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UFO Reports

Fireball Over Pennsylvania

1) Source: Stan Gordon; http://www.westol.com/~paufo

On the evening of October 2, 2001, I received reports of fireball activity in Warren County, PA near the New York border. Several of these sightings reached law enforcement agencies. One witness I interviewed said that she saw a huge blazing orange ball of fire moving towards the north. During the evening I learned that other similar reports originated  from Armstrong and  Mercer Counties.  I also was told that there were apparently many sightings reported to 911 centers around the Youngstown, Ohio area.

I received a call from a resident of Allegheny County outside of Pittsburgh, who had knowledge that police in that area had calls about something seen in the sky. I have also interviewed a witness who was near Latrobe in Westmoreland County. The observer watched a large orange-red ball of fire "as bright as the moon"  followed by a glowing tail which tapered off in thickness. There appeared to be a white-silver glow around the tail which faded quickly.

These sightings all occurred between 7:30 and 8 P.M. local time. The observation time lasted only seconds, and no sound was reported with the fireball, according to those witnesses whom I have spoken.  Peter Davenport at the National UFO Reporting Center, did not receive any reports last night from this general area. Peter did however receive a fireball report also from last night, which occurred at about 7:39 P.M. near Howell, MI.

As of this posting I have not seen any newspaper coverage of this event. I received a response from the U.S. Space Command which indicated that there was no re-entry of space debris during this time frame.  I would appreciate being notified of any fireball or other aerial phenomena reported on this night from around the country.

2) Source: www.100megsfree4.com/farshores

A fireball shooting across the early night sky Tuesday [Oct 2] led many residents from the southwestern part of Mercer County to call 911.

Acting Shift Supervisor Tom Meyer said calls for what apparently was a meteor started coming in at 7:41 from the Shenango Valley.

"They've described it as a large ball of fire with a tail," he said.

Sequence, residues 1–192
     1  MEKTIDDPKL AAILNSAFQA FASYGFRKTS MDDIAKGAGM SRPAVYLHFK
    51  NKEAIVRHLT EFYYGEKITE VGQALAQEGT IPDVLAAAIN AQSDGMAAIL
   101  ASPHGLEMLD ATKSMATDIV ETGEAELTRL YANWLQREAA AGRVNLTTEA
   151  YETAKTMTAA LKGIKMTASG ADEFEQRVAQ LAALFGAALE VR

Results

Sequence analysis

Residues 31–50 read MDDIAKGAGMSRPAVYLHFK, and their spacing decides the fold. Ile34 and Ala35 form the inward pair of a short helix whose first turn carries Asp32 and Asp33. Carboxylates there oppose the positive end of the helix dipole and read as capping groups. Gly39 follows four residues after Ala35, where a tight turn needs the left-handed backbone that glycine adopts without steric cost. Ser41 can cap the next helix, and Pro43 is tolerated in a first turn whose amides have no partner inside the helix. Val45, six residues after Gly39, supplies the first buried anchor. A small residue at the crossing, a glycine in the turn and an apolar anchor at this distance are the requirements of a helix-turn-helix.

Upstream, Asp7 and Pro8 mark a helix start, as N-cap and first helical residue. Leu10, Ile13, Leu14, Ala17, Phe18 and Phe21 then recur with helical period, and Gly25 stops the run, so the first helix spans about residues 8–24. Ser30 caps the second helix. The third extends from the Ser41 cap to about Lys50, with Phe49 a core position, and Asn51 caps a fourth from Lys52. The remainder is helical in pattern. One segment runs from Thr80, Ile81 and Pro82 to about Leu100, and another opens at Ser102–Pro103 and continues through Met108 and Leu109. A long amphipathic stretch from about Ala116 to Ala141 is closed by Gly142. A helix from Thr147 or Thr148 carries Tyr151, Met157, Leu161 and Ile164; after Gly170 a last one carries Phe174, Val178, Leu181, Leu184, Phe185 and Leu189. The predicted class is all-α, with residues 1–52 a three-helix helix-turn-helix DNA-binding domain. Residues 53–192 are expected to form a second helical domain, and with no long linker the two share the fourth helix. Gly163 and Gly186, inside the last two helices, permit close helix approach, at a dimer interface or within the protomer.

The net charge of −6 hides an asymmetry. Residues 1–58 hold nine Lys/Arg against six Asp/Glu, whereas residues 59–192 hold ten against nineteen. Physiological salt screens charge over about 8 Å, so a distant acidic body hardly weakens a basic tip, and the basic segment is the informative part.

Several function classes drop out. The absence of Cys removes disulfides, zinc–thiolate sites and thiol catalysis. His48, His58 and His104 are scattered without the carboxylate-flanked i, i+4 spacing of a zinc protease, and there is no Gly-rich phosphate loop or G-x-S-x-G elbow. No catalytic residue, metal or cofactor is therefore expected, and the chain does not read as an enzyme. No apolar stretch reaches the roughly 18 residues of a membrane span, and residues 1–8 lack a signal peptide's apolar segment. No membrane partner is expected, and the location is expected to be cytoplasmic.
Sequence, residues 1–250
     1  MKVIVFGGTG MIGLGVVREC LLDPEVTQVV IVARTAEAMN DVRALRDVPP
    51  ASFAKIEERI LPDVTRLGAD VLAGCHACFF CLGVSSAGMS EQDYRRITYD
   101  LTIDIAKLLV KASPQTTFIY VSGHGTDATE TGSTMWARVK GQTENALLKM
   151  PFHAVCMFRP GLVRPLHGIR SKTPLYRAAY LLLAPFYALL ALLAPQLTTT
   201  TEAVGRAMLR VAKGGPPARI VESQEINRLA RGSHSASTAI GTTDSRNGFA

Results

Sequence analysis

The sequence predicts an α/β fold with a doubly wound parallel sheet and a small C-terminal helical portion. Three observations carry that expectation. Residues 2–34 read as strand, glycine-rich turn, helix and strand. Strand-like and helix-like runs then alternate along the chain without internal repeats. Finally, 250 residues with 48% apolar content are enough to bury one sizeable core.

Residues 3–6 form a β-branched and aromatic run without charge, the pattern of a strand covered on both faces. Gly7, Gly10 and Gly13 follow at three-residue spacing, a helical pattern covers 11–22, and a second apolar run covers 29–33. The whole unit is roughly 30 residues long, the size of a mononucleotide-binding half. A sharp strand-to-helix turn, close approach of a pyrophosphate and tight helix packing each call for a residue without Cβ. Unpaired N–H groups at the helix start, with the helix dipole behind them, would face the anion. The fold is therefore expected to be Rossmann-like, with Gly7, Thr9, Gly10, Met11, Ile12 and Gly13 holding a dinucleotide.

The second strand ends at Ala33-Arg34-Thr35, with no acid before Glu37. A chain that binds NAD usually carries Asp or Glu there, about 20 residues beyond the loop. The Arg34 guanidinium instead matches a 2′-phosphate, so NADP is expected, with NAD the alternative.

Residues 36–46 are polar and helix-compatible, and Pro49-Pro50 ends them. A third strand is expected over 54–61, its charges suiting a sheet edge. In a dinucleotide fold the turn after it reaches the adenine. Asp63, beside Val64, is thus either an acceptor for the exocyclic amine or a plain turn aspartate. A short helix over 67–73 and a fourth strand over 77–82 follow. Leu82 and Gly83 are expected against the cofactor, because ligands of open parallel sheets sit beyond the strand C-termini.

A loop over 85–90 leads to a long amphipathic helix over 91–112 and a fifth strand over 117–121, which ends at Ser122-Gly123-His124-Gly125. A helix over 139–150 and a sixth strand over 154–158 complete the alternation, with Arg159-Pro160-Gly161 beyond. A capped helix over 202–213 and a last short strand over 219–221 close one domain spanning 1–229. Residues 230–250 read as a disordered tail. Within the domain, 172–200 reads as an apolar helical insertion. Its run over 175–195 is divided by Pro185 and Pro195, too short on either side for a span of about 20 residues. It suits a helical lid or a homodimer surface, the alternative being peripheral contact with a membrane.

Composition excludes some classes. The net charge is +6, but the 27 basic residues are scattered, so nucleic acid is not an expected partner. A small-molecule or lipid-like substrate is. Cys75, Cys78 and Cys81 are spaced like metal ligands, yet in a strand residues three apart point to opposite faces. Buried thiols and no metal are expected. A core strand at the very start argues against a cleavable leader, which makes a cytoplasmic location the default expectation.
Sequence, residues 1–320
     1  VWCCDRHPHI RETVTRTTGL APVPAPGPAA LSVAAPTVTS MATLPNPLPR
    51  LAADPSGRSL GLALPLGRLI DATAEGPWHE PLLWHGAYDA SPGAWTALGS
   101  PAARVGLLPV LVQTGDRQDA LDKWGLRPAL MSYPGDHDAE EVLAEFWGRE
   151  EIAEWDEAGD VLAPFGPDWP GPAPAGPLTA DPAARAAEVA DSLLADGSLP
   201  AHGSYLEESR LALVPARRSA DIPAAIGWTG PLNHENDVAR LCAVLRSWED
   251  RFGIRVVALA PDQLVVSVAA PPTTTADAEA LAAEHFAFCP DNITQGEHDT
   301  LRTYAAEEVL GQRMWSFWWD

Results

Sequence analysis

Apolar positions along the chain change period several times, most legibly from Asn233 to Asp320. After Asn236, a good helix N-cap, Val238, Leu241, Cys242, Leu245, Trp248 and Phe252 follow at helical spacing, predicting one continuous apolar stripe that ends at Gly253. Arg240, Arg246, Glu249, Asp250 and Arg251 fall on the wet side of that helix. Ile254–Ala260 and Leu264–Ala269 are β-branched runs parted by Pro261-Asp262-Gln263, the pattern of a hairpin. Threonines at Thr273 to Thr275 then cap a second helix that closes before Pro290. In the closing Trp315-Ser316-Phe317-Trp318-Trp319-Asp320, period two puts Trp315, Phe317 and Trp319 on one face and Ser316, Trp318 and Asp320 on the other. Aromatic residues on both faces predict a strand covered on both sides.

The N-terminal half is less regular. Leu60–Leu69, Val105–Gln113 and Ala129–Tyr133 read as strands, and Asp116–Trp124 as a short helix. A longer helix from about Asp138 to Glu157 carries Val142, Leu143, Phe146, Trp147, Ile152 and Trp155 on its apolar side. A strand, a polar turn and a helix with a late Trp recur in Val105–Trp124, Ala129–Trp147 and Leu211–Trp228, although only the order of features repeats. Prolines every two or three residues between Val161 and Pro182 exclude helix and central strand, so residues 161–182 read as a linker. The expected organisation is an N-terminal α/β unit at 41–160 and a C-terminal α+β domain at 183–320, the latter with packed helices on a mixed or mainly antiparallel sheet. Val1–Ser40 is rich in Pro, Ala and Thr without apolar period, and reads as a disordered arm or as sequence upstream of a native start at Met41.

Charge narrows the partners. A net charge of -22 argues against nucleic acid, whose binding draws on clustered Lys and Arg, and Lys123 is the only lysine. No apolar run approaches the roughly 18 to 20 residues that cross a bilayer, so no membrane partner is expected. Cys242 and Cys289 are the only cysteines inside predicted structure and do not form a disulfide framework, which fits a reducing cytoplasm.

Meyer said unless the meteor hit the ground in Mercer County, there was nothing 911 could do and there were no reports of that.

Meteors, commonly called shooting stars, are the streaks of light caused by dust particles from space evaporating in the earth's atmosphere, according to NASA. The particles themselves are called meteoroids, and, if they land on earth, meteorites.

Astronomer Ted Pedas of Farrell said he did not see the meteor but from its description it appeared to have been a bolide, a very large meteor that probably was seen over six or seven states.

Bolides are "the size of a walnut and on up," he said.

None of the 911 callers sounded scared but Meyer said the Sept. 11 terrorist attacks might have made people react a little differently to the astronomical phenomenon.

"I don't know if they're worried about what's been happening," he said.

911 called the National Weather Service and other weather forecasting agencies and learned that reports had come in from the Pittsburgh area.

The Beaver County Emergency Services Center and National Weather Service in Moon Township, Allegheny County, received calls shortly after the object was spotted at about 7:45 p.m. Witnesses said the red object had a flaming tail and described it as much larger than a shooting star.

The earth regularly experiences annual meteor showers, such as the Perseid shower which peaks in August.

"We're not near any meteor showers so it can't be associated with any regularly occurring ones," said Pedas, director of the Ted Pedas Planetarium at Farrell Area School District.

"In the last six to eight months there have been many of these reported across the country," Pedas said of solitary fireballs. "They're very unpredictable."

If there was a sound associated with the meteor, that probably would have meant it landed and exploded, he said.